Greta Thunberg Bio, Age, Parents, Real Name, Education, Vegan, School Strike

Greta Thunberg Biography

Greta Thunberg is a Swedish environmental activist who is recognized for pressuring world leaders to act quickly to combat climate change. Due to her youth, her fast rise to global renown made her both a leader in the activist community and a target for criticism.


How old is Greta Thunberg? – Age

She is 19 years old as of 3 January 2022. She was born in 2003 in Stockholm, Sweden.

What is Greta Thunbergs real name?

Her real name is Greta Tintin Eleonora Ernman Thunberg.

Greta Thunberg Parents – Sister

Thunberg is the daughter of Malena Ernman, an opera singer, and Svante Thunberg, an actor. Olof Thunberg, an actor and director, was her paternal grandfather. Beata is her younger sister.

Greta Thunberg Education

From 2010 to 2018, Thunberg attended Franska Skolan, a private school in central Stockholm, before transferring to Kringlaskolan in Södertälje. She graduated from 9th grade (the end of lower secondary education in Sweden) in 2019 with honors, earning 14 As and Bs in three subjects: Swedish, home economics, and physical education.

How old was Greta Thunberg when she started protesting?

The young Swede initially gained international attention in 2015, when she staged a climate strike in front of the Swedish parliament. She has been a strong advocate for environmental conservation ever then, campaigning for sustainable practices and government action all around the world.

Is Greta Thunberg a vegan?

Greta, an 18-year-old environmentalist, and climate activist follows a vegan diet, of course. Thunberg explained the links between agribusiness, climate change, and animal extinction in a short film made by the animal advocacy nonprofit Mercy for Animals. Thunberg detailed the changes she took in her life to lower her carbon footprint and underline her dedication to the environment in a 2019 appearance on the Ellen Show. Thunberg’s passion for the environment has inspired both her and her parents’ lifestyles. Her father even became a vegan in support of his daughter’s environmental activism.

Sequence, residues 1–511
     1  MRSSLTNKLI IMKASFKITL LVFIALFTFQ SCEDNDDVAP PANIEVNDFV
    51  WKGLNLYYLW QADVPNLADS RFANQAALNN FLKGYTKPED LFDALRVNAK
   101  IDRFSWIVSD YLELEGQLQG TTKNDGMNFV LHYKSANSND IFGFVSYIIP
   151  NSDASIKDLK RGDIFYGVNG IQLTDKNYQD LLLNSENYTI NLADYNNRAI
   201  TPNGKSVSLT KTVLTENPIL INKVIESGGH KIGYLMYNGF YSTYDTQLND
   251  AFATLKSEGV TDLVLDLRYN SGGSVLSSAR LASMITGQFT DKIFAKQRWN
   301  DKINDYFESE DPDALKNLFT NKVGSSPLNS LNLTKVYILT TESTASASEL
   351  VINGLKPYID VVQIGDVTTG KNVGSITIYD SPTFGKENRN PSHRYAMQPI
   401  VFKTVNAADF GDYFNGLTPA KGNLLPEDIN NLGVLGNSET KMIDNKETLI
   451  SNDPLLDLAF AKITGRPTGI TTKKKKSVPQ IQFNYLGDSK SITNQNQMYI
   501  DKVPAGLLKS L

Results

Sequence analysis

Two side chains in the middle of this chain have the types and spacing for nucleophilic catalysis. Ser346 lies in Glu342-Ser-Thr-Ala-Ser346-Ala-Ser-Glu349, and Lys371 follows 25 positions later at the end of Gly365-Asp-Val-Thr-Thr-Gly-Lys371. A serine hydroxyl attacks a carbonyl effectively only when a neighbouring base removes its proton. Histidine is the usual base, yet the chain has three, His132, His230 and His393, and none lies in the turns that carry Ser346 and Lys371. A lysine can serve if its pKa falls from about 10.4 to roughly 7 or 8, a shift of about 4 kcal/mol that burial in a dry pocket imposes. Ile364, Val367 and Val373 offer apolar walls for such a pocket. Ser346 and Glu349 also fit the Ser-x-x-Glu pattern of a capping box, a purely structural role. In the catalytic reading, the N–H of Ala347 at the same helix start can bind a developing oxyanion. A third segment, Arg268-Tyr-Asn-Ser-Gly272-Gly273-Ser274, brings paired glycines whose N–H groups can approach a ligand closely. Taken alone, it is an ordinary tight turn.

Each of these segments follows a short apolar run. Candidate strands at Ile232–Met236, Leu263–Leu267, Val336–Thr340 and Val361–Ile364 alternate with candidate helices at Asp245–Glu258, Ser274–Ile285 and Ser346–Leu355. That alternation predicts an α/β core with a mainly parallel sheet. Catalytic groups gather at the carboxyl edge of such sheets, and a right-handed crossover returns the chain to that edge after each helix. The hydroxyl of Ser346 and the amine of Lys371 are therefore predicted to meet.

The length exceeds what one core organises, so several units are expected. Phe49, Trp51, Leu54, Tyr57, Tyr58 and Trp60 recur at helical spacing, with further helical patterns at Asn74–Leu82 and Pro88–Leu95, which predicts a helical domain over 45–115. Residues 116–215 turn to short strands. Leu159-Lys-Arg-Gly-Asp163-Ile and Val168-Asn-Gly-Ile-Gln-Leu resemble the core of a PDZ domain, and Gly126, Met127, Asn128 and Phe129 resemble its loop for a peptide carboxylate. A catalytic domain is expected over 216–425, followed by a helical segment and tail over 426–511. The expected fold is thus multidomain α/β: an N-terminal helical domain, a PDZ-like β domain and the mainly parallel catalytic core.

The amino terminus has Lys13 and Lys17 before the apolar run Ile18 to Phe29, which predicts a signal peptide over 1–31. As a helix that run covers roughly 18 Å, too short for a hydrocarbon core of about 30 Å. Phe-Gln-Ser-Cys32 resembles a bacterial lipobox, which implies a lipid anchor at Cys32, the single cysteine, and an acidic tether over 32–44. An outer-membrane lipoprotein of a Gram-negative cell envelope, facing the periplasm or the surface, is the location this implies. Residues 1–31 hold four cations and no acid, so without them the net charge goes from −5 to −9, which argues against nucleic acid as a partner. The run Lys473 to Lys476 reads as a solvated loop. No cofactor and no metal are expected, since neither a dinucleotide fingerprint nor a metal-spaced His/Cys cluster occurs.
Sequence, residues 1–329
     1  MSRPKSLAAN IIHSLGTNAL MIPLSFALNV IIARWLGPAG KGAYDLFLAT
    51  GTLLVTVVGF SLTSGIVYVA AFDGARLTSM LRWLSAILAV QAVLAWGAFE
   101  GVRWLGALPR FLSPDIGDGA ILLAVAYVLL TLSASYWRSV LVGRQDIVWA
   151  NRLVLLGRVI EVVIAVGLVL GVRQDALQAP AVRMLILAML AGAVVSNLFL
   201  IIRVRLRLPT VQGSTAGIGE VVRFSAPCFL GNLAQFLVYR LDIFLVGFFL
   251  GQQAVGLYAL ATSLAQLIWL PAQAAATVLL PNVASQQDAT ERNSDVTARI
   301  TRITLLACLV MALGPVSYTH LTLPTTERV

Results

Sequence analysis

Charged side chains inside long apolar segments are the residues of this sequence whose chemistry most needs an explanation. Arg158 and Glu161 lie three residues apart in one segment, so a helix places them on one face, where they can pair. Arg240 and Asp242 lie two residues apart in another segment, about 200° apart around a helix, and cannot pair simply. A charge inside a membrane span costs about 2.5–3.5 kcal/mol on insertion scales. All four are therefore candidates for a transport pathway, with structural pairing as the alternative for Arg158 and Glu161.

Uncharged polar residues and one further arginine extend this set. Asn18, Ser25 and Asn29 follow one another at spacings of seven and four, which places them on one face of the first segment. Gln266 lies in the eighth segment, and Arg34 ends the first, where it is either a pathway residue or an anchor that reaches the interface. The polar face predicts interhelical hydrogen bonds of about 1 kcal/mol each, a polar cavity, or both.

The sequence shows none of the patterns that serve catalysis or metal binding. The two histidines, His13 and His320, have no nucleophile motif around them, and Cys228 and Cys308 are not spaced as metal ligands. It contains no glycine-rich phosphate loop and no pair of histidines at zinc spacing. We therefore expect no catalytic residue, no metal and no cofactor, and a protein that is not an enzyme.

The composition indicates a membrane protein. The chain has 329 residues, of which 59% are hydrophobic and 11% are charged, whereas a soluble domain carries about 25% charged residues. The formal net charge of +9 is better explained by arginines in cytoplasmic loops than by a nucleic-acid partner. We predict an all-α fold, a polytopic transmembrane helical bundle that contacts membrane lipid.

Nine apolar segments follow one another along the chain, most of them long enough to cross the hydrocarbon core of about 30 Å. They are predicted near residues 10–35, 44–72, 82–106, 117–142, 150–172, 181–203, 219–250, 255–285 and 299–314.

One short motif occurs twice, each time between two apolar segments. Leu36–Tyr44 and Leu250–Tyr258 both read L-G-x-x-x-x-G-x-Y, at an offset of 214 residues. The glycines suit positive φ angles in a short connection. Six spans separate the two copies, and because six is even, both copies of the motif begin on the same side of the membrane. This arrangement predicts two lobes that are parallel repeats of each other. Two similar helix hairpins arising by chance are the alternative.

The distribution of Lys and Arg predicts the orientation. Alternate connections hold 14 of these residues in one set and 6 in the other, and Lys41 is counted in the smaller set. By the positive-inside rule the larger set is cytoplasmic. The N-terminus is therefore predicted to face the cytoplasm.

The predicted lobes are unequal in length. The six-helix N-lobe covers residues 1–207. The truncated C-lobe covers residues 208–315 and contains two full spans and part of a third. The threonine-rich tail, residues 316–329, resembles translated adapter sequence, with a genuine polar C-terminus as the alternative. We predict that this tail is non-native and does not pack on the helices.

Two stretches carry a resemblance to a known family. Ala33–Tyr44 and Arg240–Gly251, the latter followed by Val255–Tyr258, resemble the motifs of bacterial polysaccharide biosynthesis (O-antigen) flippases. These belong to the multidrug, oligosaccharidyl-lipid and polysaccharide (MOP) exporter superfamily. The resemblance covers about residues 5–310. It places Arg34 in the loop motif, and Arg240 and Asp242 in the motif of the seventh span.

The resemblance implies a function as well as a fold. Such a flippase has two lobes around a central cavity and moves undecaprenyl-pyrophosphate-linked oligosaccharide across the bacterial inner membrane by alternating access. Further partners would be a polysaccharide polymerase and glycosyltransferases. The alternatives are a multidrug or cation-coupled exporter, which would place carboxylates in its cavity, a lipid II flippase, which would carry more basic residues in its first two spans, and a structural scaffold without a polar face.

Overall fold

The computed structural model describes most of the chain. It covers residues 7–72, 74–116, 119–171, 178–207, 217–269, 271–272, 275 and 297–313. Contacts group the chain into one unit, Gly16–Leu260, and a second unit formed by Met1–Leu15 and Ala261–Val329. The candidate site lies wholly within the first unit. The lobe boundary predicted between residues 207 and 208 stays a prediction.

Why did Greta Thunberg start a school strike?

Thunberg initiated the school climate strikes and public talks that have made her an internationally famous climate campaigner in August 2018. In an interview with Democracy NowAmy !’s Goodman, she stated she was inspired to organize a climate strike after school shootings in the United States in February 2018, which resulted in numerous students refusing to return to school. These adolescent activists from Parkland, Florida’s Marjory Stoneman Douglas High School went on to organize the March for Our Lives in support of stricter gun laws. Thunberg won a climate change essay competition sponsored by the Swedish newspaper Svenska Dagbladet in May 2018.

Greta Thunberg Photo
Greta Thunberg Photo

Following the publication of her piece in the paper, she was approached by Bo Thorén of Fossil Free Dalsland, a group dedicated to combating climate change. A handful of their meetings were attended by Thunberg. Thorén suggested that schoolchildren strike for climate change at one of them. Thunberg attempted to get other young people to join the strike, but “no one was really interested,” so she decided to go ahead with it alone.